South Africa commemorates International Coastal Clean-Up Day

15 September 2018


Today South Africa joins many coastal countries in commemorating the International Coastal Clean-up Day (ICCD).  The ICCD rallies together communities with the common goal of collecting and documenting marine litter around global coastlines. South Africa has participated in the ICCD, which is the world’s largest volunteer clean-up event of its kind, which enables scientists to gather valuable data on the extent of marine pollution, since 1986. 

According to the World Bank, South Africa produces 54 425 tonnes of municipal solid waste daily and this is the 15th highest rate in the world. On a per capita basis, the amount produced per household every day equates to two kilograms, putting South Africa at number 38 globally.  Marine litter, including plastic litter, has become a matter of increasing global and national concern as a source of marine pollution. Globally, plastic production has reached new highs, with over 320 million tons now being produced annually.

South Africa has shown commitment to addressing the marine litter and micro-plastics challenge through several forums. In July 2017, the G20 group of countries, of which South Africa is a member, adopted an Action Plan on Marine Litter. In December 2017, at the margins of the 3rd United Nations Environment Assembly South Africa endorsed the UN’s Clean Seas Campaign, which exists as a platform for governments to engage the general public, civil society and the private sector to find solutions to the plastic litter challenge. The Campaign also seeks to dramatically reduce the production and consumption of non-recoverable and single-use plastic.

South Africa is also participating in the Western Indian Ocean Strategic Action Programme (WIO-SAP) on land-based sources of marine pollution, under the Nairobi Convention for the protection, management and development of the Marine and Coastal and Environment of the Western Indian Ocean Region. The WIO-SAP supports the implementation of a Regional Protocol on Land-based Sources and Activities, adopted under the Convention. Under this initiative, South Africa has flagged marine litter as a priority source category of marine pollution to be addressed.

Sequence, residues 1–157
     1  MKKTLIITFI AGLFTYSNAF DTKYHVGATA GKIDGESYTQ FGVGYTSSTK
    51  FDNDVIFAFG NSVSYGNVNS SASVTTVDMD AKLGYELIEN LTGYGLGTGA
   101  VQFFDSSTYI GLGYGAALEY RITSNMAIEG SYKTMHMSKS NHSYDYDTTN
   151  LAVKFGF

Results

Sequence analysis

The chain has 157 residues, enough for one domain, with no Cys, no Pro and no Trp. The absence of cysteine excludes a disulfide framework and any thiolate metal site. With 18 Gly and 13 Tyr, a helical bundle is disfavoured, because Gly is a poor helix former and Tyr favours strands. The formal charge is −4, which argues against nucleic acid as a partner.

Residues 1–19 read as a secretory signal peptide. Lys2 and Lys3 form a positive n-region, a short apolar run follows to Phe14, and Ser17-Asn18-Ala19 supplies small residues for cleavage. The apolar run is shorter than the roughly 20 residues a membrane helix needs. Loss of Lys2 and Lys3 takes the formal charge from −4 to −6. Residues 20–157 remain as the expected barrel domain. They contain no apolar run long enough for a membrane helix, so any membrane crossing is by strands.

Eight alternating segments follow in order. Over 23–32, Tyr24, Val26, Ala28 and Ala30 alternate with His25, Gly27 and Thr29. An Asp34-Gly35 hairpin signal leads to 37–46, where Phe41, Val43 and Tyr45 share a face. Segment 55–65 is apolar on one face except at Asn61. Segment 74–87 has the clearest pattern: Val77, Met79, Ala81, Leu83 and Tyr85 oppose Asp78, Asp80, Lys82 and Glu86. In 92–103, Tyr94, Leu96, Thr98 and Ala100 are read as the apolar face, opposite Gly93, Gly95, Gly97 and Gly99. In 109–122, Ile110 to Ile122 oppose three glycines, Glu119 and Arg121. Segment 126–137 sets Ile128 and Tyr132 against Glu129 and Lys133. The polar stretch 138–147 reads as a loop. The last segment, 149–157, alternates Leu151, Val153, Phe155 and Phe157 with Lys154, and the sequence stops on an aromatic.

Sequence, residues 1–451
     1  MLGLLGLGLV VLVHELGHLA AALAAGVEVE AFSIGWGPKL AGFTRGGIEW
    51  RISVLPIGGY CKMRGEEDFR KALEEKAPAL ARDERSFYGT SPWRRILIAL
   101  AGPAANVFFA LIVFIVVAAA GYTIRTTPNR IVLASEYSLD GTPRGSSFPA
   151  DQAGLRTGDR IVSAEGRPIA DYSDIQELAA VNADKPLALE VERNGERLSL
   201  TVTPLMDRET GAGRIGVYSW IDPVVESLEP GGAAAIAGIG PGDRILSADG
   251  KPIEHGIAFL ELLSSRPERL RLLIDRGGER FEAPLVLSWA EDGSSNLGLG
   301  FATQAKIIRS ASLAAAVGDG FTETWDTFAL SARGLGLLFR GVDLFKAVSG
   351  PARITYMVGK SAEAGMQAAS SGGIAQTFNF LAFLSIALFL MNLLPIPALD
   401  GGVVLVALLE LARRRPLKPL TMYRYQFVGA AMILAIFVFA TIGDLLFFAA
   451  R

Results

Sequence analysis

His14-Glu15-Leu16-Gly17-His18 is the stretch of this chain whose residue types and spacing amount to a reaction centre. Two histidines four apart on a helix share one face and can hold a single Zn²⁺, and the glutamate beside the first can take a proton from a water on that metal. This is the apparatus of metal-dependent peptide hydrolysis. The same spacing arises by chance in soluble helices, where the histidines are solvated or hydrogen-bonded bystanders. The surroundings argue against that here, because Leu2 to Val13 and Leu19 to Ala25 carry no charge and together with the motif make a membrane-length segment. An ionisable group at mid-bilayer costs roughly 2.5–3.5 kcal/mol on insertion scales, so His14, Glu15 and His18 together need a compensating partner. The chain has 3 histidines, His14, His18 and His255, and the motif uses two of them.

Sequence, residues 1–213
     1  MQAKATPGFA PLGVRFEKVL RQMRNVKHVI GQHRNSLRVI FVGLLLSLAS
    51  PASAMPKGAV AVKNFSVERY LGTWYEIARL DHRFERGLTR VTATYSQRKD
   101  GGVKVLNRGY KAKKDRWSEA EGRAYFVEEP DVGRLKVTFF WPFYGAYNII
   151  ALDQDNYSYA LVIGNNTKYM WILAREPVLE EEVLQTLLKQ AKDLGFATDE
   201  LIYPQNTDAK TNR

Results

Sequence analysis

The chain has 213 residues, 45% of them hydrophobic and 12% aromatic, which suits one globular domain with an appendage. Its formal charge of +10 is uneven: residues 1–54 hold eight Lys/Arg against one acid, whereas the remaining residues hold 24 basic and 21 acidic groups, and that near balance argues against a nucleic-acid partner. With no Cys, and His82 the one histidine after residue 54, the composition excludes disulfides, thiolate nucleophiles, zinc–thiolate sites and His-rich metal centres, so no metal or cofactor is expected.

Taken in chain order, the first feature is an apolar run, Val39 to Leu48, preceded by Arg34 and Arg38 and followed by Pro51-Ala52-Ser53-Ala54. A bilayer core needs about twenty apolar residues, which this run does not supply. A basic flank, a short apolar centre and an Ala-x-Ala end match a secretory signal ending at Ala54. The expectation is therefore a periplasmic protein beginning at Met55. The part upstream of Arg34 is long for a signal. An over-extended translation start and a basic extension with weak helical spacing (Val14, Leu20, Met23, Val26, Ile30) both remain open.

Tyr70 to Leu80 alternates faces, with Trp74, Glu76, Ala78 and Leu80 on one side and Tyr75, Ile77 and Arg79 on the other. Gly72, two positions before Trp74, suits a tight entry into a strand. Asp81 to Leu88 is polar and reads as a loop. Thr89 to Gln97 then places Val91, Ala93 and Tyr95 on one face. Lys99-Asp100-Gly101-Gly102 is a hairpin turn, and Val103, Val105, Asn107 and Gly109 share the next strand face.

The DEA also has a number of programmes addressing the challenge involving multiple government departments and is leading consultations with industry stakeholders. The Department has implemented its Working for the Coast Programme as an Extended Public Works Project aimed at creating jobs through the clearing of litter from beaches nationally. During the 2016-2018 project cycle, the project employed over 2400 people, of which 1320 comprised of women and 1560 comprises of youth. Whilst this initiative has been in place for several years, it directly contributes to calls under the G20 Action Plan to support litter removal and remediation action. This initiative further promotes the socio-economic benefits of litter collection.

Through Operation Phakisa: Oceans Economy, South Africa supports the enhancement of the general environment in which attractions and products are located; and strengthens the linkages between attractions and improves the quality of the tourist experience within destinations. The pristine beaches that attract so many local and international visitors to South African shores are ensured by the Blue Flag Beach programme and currently two hundred young people are employed to keep the beaches clean and provide assistance to tourists. Coastal clean ups contribute directly to achieving this economic growth.

This year the Department will also launch and pilot its Source to Sea Initiative in Kwa-Zulu Natal. “The initiative is an ambitious new strategy to investigate, combat and ultimately eradicate pollution, and plastic pollution in particular, which threatens both freshwater and marine ecosystems,” said Minister Molewa during her 2018/19 Budget Vote speech. Part of the Source-to-Sea pilot programme includes amongst others the deployment of resources that recover litter from the identified priority rivers for a period of 12 months after the launch of the pilot project as well as increasing educational activities and awareness raising campaigns around litter prevention from land based sources targeting communities living close to rivers. 

The Department of Environmental Affairs will take part in various clean-up activities across the country throughout this month and leading to National Marine Week during the second week of October. The department will collaborate with a number of stakeholders such as the Wildlife and Environment Society of South Africa (WESSA) and the City of Ethekwini for clean-up activities in the various coastal provinces.

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Zolile Nqayi
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